29 November 2020
Scientists and commentators worldwide believe Graphene is the next giant leap forward for industry.
And a South Australian start-up has recently listed on the ASX to provide the capital to be part of that revolution.
Graphene Technology Solutions, an Adelaide University spin-out, has recently completed its back-door listing and recommenced trading on Monday 23 November 2020 as Sparc Technologies (SPN:ASX).
Dubbed the ‘World’s most Intelligent Material’, graphene is seen as a disruptive and transformational technology with extremely powerful properties to support advanced materials manufacturing, through enhancing existing product performance, as well as producing superior new products.
What exactly is 'Graphene' ?
Graphene is an allotrope of carbon (the property of some chemical elements to exist in two or more different forms in the same physical state) consisting of a single layer of atoms arranged in a two-dimensional honeycomb lattice.
The name derives from "graphite" combined with the suffix -ene, based on the graphite allotrope of carbon consisting of stacked graphene layers.
Carbon atoms can bond with each other in many different ways giving rise to materials with remarkably different properties. Other allotropes of carbon include graphite, diamonds, buckminsterfullerene, nanotubes, nanobuds and nanoribbons. Carbon also forms bonds readily with other elements and is commonly found in organic compounds.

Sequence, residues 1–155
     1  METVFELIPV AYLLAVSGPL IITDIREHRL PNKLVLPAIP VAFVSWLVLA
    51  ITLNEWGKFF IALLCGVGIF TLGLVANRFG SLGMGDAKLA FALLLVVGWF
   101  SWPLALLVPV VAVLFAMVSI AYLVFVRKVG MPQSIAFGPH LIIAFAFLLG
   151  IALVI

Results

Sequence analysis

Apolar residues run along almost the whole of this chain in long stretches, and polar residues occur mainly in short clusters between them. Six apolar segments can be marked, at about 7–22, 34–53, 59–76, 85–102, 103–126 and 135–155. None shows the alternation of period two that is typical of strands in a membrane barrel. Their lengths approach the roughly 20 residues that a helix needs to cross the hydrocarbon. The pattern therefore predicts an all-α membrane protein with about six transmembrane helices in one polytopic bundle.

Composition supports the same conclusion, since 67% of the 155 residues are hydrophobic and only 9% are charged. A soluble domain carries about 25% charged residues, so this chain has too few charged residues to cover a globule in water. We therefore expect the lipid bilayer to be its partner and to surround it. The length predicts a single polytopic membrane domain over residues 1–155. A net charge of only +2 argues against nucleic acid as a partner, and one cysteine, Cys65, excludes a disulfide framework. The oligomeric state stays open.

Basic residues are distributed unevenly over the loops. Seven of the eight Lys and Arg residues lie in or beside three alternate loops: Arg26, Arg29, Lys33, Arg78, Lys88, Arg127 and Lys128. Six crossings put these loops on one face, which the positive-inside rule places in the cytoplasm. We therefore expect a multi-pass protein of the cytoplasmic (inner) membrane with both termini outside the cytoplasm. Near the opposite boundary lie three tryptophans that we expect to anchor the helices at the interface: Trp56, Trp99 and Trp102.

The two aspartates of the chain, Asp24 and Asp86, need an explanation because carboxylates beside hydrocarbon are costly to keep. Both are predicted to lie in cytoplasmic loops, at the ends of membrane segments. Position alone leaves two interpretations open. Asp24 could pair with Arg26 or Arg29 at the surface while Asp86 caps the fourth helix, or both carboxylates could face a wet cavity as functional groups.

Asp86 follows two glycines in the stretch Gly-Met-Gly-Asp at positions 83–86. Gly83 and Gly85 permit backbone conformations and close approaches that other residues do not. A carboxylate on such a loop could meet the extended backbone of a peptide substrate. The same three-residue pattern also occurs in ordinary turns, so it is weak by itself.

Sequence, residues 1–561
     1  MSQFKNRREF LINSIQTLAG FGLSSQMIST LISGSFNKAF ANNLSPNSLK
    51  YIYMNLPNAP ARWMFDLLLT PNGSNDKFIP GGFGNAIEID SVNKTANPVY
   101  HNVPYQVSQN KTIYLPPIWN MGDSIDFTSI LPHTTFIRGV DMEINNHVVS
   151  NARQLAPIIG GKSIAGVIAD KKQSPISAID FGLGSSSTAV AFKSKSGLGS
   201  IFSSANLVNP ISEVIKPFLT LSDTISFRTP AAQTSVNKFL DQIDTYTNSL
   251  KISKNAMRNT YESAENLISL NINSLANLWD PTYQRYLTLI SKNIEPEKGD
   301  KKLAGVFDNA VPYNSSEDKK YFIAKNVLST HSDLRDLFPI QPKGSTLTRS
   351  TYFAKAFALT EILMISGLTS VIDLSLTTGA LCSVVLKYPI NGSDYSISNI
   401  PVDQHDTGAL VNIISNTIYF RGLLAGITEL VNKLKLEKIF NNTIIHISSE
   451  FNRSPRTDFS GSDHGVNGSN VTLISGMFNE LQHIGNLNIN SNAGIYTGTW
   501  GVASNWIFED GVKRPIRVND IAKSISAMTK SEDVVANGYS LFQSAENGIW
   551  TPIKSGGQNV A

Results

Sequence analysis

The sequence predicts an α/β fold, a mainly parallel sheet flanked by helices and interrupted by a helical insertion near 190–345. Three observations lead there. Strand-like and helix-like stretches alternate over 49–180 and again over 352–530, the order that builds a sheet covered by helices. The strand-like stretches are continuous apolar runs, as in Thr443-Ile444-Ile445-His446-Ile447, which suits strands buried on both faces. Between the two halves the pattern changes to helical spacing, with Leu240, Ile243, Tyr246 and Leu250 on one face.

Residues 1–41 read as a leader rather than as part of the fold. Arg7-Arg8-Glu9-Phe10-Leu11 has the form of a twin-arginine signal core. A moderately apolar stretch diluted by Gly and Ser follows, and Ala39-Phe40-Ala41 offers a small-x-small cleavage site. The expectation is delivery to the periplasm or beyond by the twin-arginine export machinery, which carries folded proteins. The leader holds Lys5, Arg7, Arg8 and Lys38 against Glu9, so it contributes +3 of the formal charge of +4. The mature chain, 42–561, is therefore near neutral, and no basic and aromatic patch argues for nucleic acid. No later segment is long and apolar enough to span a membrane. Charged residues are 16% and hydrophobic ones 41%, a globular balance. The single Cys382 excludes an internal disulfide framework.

Since being isolated and characterised at the University of Manchester in 2004 by Andre Geim and Konstantin Novoselov, Graphene is being heralded as the new super-material. A comparatively recent discovery.
For their ground-breaking work both were awarded the Nobel Prize in Physics in 2010.
A "graphene gold rush" has been sparked since the scientists published their results and described their simple preparation method.
Research has since exploded exploring different exceptional properties of Graphene — quantum mechanical, electrical, chemical, mechanical, optical, magnetic and recognistion of Graphene’s incredible strength by weight.
Super high strength
Graphene is the strongest material ever tested, with an intrinsic tensile strength of 130 GPa (19,000,000 psi), and tensile strength in the order of 50-60 GPa for stretching large-area freestanding graphene) and a Young's modulus (stiffness) close to 1 TPa (150,000,000 psi).
The Nobel announcement illustrated this by saying...
A 1 square metre graphene hammock would support a 4 kg cat, while itself weighing only as much as a cat's whisker.
- Unparalleled strength (200 times stronger than steel, harder than diamond)
- Light weight (1,000 times lighter than paper)
- Superior conductivity (conducting electricity better than any known material at room temperature)
- Water repellence
- Chemical repulsion
- Fire resistance
- Anti-microbial mechanisms
These incredible mechanical, chemical, electronic, and magnetic properties have widespread application and implications for any number of known fields, including energy, renewables, battery storage, sensors, aerospace, building materials, mobile devices and much, much more.
For this reason, scientists and commentators worldwide believe it is the next giant leap forward for industry.
Back to those bright Sparcs